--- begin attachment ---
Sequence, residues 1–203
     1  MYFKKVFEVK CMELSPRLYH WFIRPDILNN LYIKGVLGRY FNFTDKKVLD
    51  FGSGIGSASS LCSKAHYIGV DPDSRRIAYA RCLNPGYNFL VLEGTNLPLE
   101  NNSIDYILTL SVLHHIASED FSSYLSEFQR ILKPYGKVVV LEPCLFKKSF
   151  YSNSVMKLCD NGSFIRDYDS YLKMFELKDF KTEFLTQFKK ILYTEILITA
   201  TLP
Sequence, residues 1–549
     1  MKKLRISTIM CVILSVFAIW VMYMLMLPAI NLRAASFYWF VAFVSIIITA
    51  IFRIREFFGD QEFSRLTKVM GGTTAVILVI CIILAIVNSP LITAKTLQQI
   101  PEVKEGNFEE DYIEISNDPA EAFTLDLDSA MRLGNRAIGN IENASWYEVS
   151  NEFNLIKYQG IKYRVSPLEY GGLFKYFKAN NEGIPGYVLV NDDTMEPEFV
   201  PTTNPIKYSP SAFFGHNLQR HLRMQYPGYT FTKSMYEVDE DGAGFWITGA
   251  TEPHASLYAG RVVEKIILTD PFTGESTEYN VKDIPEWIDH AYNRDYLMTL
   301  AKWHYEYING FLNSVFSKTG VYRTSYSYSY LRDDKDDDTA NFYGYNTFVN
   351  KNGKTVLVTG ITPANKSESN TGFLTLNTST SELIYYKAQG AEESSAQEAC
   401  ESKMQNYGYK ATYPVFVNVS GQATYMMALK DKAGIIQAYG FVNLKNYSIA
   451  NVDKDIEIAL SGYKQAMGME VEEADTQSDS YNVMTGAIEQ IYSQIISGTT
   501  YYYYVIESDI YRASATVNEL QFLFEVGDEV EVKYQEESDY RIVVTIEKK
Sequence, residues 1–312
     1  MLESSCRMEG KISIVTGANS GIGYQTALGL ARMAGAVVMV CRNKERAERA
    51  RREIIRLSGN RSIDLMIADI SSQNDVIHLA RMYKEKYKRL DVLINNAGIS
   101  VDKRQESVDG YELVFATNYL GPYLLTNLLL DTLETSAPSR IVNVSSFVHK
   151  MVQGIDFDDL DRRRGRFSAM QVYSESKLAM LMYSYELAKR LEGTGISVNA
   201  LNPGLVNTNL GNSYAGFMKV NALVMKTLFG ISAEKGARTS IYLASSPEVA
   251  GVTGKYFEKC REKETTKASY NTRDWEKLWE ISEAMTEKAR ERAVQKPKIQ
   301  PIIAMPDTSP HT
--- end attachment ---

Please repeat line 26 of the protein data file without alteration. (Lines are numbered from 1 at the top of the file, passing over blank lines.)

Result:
   301  PIIAMPDTSP HT